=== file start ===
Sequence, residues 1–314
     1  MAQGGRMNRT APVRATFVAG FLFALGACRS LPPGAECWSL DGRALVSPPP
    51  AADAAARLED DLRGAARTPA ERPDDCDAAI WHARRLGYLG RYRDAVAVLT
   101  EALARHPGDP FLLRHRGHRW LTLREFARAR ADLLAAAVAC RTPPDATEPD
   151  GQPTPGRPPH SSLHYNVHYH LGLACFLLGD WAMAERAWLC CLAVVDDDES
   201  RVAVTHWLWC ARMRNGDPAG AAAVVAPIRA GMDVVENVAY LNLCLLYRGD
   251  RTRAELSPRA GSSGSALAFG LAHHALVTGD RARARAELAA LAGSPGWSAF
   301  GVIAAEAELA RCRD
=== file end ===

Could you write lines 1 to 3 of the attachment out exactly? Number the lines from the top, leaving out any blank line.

Sequence, residues 1–314
     1  MAQGGRMNRT APVRATFVAG FLFALGACRS LPPGAECWSL DGRALVSPPP
    51  AADAAARLED DLRGAARTPA ERPDDCDAAI WHARRLGYLG RYRDAVAVLT